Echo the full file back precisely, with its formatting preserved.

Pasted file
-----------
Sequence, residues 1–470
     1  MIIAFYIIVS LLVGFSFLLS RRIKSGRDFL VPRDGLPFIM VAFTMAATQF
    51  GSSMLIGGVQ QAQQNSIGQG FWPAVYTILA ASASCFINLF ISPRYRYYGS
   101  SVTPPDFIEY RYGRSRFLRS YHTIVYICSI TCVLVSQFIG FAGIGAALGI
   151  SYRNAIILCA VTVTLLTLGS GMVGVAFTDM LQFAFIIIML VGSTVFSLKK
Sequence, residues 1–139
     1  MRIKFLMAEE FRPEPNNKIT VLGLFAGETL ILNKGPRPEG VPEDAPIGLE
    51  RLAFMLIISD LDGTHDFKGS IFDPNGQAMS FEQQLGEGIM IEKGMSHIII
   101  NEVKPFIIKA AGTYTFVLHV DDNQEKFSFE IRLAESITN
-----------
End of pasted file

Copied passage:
Sequence, residues 1–470
     1  MIIAFYIIVS LLVGFSFLLS RRIKSGRDFL VPRDGLPFIM VAFTMAATQF
    51  GSSMLIGGVQ QAQQNSIGQG FWPAVYTILA ASASCFINLF ISPRYRYYGS
   101  SVTPPDFIEY RYGRSRFLRS YHTIVYICSI TCVLVSQFIG FAGIGAALGI
   151  SYRNAIILCA VTVTLLTLGS GMVGVAFTDM LQFAFIIIML VGSTVFSLKK
Sequence, residues 1–139
     1  MRIKFLMAEE FRPEPNNKIT VLGLFAGETL ILNKGPRPEG VPEDAPIGLE
    51  RLAFMLIISD LDGTHDFKGS IFDPNGQAMS FEQQLGEGIM IEKGMSHIII
   101  NEVKPFIIKA AGTYTFVLHV DDNQEKFSFE IRLAESITN